25 April 2011

Notes on property taxes

It appears that they have it in mind to tax property, which is bad for us as we still have no income from society for anything we do (or could do), and we still need to build up capital towards the institutional environment to which, once we get it, extra research departments can be added and the university press made increasingly productive.

The ‘mansion tax’ would only be the beginning of a tax on ever smaller properties, no doubt.

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All you can say for the means-tested state pension is that it may just about cover the taxes we pay to the state. I.e. instead of paying all the taxes and making voluntary contributions to the state pension each year, we now make no contributions because everyone is fully paid up, and the reduced means-tested pensions received by me and Charles McCreery may just about cover, for the four of us, council tax, car tax, television licences, cost of garden refuse collections, cost of getting large rubbish taken away by the council, and cost of dumping unacceptable items of rubbish in the local rubbish dump (which is not very near). And perhaps there is a small net gain to us, so that we can say that, at long last, we are receiving a bit more each year from the state than we have to pay back to it.

If they had not introduced means-testing on the state pension some years after I had started to receive it, it might be adequate to cover capital gains tax (CGT) and ‘mansion tax’ on any houses we may own in the future. But probably not for long, as the taxes would keep increasing more than in line with (realistic) inflation, whereas the pension would not, even if not means-tested.

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So those who are trying to remedy the bad position (non-position) in society imposed on them by their ruined ‘education’ have to be taxed (at any rate, they are taxed) to reduce their rate of progress towards an adequate life, and they have to transfer a part of the progress they have made to provide supposed ‘advantages’ to those who are not yet disadvantaged, many of whom will never be able to make any use of the sort of opportunities which we need and from which we have been excluded by the hostility to ability of modern society, as was expressed in our ‘educations’.

‘Education’ means, unfortunately, a very vulnerable period of one’s life when one needs to be acquiring qualifications which will establish one’s claim on the sort of position in society which one needs to have, but in which one has no control over the arrangements which are being imposed on one.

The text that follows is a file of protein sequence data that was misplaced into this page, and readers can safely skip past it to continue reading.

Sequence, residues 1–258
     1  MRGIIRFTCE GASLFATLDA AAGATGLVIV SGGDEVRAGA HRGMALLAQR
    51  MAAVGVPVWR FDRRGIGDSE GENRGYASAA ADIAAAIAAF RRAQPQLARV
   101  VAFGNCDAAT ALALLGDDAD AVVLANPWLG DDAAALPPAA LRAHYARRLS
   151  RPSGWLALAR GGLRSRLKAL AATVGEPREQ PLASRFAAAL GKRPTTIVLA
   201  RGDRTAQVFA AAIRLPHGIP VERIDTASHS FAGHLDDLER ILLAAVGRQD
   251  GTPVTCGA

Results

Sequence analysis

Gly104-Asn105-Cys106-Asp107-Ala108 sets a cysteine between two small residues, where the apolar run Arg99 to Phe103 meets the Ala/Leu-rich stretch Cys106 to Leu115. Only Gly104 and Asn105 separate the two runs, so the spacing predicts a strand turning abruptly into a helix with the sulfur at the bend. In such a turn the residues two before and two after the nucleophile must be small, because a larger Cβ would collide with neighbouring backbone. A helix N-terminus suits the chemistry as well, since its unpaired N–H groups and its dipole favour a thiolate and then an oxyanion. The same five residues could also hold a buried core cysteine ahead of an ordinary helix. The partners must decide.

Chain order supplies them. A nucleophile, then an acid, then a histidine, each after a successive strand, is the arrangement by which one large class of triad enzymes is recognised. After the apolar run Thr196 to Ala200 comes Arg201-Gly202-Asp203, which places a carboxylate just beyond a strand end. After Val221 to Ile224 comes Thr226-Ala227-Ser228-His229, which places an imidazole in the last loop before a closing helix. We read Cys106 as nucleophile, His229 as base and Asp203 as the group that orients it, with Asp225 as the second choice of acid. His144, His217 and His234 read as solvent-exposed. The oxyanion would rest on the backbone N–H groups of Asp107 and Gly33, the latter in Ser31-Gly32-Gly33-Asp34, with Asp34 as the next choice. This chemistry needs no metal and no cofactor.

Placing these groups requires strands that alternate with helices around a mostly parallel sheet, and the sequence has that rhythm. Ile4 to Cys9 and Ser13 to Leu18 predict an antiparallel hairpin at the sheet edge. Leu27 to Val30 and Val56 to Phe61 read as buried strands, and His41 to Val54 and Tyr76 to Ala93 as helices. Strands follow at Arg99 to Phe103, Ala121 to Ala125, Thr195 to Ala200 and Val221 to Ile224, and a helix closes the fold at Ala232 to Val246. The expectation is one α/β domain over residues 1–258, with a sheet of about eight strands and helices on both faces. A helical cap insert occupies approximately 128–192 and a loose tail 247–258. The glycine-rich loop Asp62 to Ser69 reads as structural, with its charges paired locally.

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David Willetts said of the Baby Boomers that they had had such a good life that they should wish their pensions to be reduced so that coming generations could be provided with ‘educations’ as lavish as their own. I was a pre-Baby Boomer so this did not obviously apply to me, but I feel sure that plenty of them, including some with the highest IQs, and some whom I have known, were thrown out at the end of their ‘educations’ with no access to any career to which they could feel suited, and with only the sense that their relationship to their own internal sense of direction had been broken.

So, like me, it is likely that they would be more interested in using their pensions to work towards improving their own lives, rather than in sacrificing their pensions so as to make it possible for yet more people to be subjected to the ‘educational’ process.

We invite such people, whether or not they are prepared to complain of the bad effects of their ‘education’ on their prospects in life, to come and live near us in Cuddesdon, which is commutable from both London and Oxford, and cooperate in our plans to remedy the situation of individuals in an anti-individualistic society.

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Building up capital may be the only method a person has of being able to be productive in a way to which they are suited, as it was with me. Not having any way of getting a salary, and being unable to draw the so-called social security, I put getting a roof over my head first, and at least the increases in value of the house which I bought in the Banbury Road were not taxed. This house had enough space for laboratories and offices, at least on a minimal scale, if I had been able to get funding to do research with which to assert my claim on a normal high-flying academic career. The salary which I could not get would have been taxed, and I would have been getting my pension contributions paid, but as it was I had to pay voluntary contributions myself out of non-existent income.

Eventually the house was worth much more than at the outset, although still not enough to set up even a minimal institutional environment within which academic work could be done.

So now people such as Philip Collins seem to think my accumulated capital should be taxed, i.e. I should have to find money to pay as tax out of my still non-existent salary, while I continue to try to expand my institutional environment to a point at which I can start on my adult academic career, already fifty-five years delayed.

I shall never stop trying to get all the things I should have had as part of a forty-year academic career in a professorial position as the Head of a department. That is, the salary, status, contacts, laboratory facilities, personal secretaries and other staff, and the dining hall facilities, etc.

I still need these things in order to have a productive and satisfactory life, and I see plenty of things in which to do progressive research for forty years.